As a large number of children around the world return to school, how do we ensure the environment they study in is safe?
As uncertainty continues to loom with the ongoing Covid-19 pandemic, ensuring water, sanitation and hygiene services in schools has never been more important.
This International Day of Education, we focus on the work we have been doing to help children return safely to schools, through the sustainable provision of water, sanitation, and hygiene facilities. Access to these basic services is crucial for recovering and revitalising education for the Covid-19 generation.
Whilst learning has moved online, the team has worked to ensure children are safe when schools reopen. 60 primary teachers and officials from local education departments participated in Training of Trainer events across three cities in December 2020. The events equipped teachers with the appropriate knowledge on water, sanitation, and hygiene as well as ways to share that knowledge with their students.
Mirza Nurun Nahar, Thana Education Officer of Chattogram said, “20 teachers from 10 primary schools (in Chattogram) were trained on delivering hygiene education to their students and this is a fantastic initiative from WSUP. Now the teachers are required to share this knowledge with their students and their parents.”
Hygiene awareness sessions were also conducted in the communities within the school catchment areas in Rangpur and this will be rolled out to other cities later this month.
Construction of 26 school WASH blocks have also taken place and school management committees have been set up to ensure that these new facilities are maintained under a financially sustainable management model.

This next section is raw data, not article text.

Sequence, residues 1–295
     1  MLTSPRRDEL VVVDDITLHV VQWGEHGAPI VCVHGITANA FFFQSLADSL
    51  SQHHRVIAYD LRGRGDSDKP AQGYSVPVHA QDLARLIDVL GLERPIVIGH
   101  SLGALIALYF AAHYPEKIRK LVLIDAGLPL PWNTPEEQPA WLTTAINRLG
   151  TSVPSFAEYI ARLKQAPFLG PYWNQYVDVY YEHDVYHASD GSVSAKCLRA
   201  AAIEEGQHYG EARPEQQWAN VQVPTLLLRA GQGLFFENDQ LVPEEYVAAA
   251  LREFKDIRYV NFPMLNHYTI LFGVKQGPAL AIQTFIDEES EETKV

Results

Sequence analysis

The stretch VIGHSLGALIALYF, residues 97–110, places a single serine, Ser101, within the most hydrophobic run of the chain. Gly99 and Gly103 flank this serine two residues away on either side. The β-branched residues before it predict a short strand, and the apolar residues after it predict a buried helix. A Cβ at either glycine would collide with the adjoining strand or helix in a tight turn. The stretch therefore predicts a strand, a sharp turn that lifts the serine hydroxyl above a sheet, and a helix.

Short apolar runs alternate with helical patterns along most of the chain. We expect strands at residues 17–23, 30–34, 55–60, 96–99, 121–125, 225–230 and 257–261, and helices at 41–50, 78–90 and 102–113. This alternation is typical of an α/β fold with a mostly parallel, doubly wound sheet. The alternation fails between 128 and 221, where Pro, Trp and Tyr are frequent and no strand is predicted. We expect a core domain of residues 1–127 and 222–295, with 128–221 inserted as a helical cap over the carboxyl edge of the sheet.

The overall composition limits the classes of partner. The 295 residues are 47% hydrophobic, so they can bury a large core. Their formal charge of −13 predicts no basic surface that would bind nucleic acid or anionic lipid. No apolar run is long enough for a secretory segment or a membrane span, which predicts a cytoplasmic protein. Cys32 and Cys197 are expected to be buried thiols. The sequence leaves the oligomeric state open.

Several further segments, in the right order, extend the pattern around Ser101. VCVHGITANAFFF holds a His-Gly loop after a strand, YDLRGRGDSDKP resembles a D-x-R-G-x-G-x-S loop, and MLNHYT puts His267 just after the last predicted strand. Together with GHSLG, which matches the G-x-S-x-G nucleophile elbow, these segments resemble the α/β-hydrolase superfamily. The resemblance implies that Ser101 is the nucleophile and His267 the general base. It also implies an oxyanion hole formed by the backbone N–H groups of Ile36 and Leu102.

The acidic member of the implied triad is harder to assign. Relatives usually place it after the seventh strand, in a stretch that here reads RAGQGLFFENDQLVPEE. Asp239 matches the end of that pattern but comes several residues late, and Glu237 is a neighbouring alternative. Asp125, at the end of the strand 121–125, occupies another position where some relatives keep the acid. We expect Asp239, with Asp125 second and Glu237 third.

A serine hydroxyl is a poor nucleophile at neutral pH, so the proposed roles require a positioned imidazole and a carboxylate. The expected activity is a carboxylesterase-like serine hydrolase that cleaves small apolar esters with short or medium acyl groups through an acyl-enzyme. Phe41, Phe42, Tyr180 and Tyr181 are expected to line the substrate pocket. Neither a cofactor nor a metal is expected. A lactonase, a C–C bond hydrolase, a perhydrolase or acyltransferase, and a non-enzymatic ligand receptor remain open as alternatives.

Ghana and Kenya
Drawing up on our experience of delivering major handwashing campaigns, WSUP is a lead partner in multiple cities in Kenya and Ghana for the delivery of the UK government and Unilever initiative – Hygiene & Behaviour Change Coalition (HBCC).
In Ghana, School Hygiene and Education Programme (SHEP) coordinators and the officials from the National Commission for Civic Education (NCCE) participated in capacity building workshops focusing on hygiene behaviour change approaches.
Meanwhile in Kenya, teachers from 86 schools were trained on the School of 5 approach that targets handwashing with soap in preparation for school reopening. These were selected by the County Directorate of Education based on needs and priority.
The Ministry of Education through the School Health Division and its partners are working to support schools become WASH friendly. To receive a WASH friendly certification, schools need to adhere to certain minimum standards such as providing access to clean water and safe sanitation facilities, handwashing facilities with soap, and menstrual hygiene management.
We have been supporting schools to build the capacity of school staff, construct and rehabilitate sanitation blocks and handwashing points as well as promote good hygiene practices. School WASH committees have also been set up for the maintenance of the infrastructure and schools need to adhere to this to be recertified.
In Mozambique, we have been working on a long-term strategy to improve WASH facilities in schools. Through training of teachers and provision of handwashing points and soap, and hygiene promotion materials, we will be helping schools reopen safely. Watch our film to find out more:
Our schools work mentioned in this article is supported by The Coca-Cola Foundation, Dubai Cares, UK aid from the UK government, Unilever, USAID, and Wasser für Wasser.